Middle East unrest is becoming increasingly widespread with Egypt and Tunisia no longer looking like isolated incidents. We now see populist revolts taking shape in other North African and Middle Eastern countries such as Yemen, Libya, Morocco, Iran, and Algeria. Other major US allied countries in the region such as Jordan, Saudi Arabia, and Kuwait are under clear strain with similar situations but not to the same extent. In particular, protests in Bahrain provide an even more complex situation for the US, as it is home to the 3rd US naval fleet.
No one knows what the ultimate outcome of this still developing situation abroad will be but we have identified three different strategies that could help investors potentially profit from the unfolding political unrest abroad.
Calls to Action to Make a Profit
Scenario 1: The Deadly Domino Effect
Currently 40% of the world’s oil passes through the Gulf region. Further, according to OPEC.org, the official website of OPEC, as of 2009 79.6% of the world’s total oil reserves are under the “direction” of this cartel. At the present time, 5 out of the 12 member countries that make up OPEC are currently experiencing populist civil unrest. Doing some rough math here we now know that 41.6% of OPEC members are facing civil unrest and that just doesn’t sound good.
All the world needs to see is an oil distribution disruption in one or more OPEC member countries and or something worse in the region to see a bigger price than we have already seen. Investors who feel that the Suez Canal may become an unreliable oil transport seaborne route and or that oil carriers would just prefer to take the long ride around the Cape of Good Hope in South Africa should then look into Frontline LTD (FRO). Frontline is one of the larger shipping companies in the oil carrier space. An alternative option is to use an oil ETF such as United States OIL (USO). The investor who feels that it is only a matter of time until this happens now has a couple options to choose from.
Scenario 2: Finding a Rainbow After the Storm
The media loves to create dramatic hype on any topic it can, declaring that the world will soon end as we know it. Anyone who is a little suspicious of the media's "objective" reporting and is interested in frontier markets such as the Middle East should take advantage of the pummeling that a few Middle Eastern ETFs continue to take. For example, the Market Vectors Egypt Index ETF (EGPT) provides direct exposure to Egypt. On the other hand, investors interested in more broad exposure to the region should consider MarketVectors Gulf States Index ETF (MES) and WisdomTree Middle East Dividend ETF (GULF). These options are definitely for the investor who is looking for a rainbow after the storm scenario and has a high investment risk tolerance due to the frontier market aspect.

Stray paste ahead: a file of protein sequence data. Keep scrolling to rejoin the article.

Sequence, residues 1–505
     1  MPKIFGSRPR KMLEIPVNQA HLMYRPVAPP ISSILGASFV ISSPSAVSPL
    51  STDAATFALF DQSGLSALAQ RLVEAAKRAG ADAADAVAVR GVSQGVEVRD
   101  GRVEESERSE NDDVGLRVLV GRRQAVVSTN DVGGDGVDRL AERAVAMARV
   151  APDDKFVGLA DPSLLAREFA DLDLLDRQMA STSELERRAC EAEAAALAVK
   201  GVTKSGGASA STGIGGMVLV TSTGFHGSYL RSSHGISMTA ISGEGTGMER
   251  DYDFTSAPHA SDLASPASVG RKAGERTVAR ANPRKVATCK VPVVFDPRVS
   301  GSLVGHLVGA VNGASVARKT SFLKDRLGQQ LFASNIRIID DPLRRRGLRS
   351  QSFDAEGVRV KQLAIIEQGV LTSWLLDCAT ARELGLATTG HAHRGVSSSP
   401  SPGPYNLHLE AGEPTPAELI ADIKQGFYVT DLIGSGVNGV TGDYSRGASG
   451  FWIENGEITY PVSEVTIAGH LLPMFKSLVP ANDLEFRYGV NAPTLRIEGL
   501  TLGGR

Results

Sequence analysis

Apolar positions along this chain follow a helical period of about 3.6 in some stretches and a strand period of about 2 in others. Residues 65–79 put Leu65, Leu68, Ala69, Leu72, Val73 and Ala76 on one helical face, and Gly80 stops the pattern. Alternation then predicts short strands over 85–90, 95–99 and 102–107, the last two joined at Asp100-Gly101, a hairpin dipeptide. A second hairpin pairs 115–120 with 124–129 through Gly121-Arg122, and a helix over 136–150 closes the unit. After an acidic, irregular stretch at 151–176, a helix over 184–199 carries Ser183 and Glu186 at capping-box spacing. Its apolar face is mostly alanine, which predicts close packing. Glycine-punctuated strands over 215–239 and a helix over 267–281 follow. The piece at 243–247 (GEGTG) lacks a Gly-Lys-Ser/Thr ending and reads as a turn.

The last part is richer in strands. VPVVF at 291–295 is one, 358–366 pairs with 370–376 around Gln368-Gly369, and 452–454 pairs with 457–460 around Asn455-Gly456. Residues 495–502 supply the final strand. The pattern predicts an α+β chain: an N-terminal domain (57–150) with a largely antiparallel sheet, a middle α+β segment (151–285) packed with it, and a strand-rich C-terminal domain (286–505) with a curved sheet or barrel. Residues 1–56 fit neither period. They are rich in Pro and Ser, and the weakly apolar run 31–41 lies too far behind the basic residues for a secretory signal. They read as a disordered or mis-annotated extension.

Scenario 3: Hit the Eject Button
This civil unrest seems to be viral in nature as it spreads throughout the Middle East region and it’s definitely making investors edgier than they otherwise would be. Further, the media and market professionals are calling for a correction considering the market hasn’t really slowed down at all in this last leg up. This current event could be the excuse Wall Street has been “looking” for to justify the selling of positions and to lock in profits.
Anyone who feels the market is in for a correction soon should be aware that this is by far the best reason Wall Street has had in a while to sell off. Investors who fall into this opinion camp and don’t want to take a hit should hit the ejection button then to jettison market exposure. The first option is to cash out across the board regardless of tax consequences. The second option available is to grab some “market insurance” by buying S&P500 (SPY) puts. We personally fall into this camp and feel that now wouldn’t be a bad time to buy some limited level of “market insurance” to hedge outstanding market exposure. The S&P 500 looks a little frothy and playing it a little safer hasn't hurt us yet.
What remains clear, in our opinion, is that regardless of how the events in the Middle East ultimately unfold, capital markets demand that investors remain active. All that is left to do now is decide which strategy best fits with one’s personal opinion, if any at all.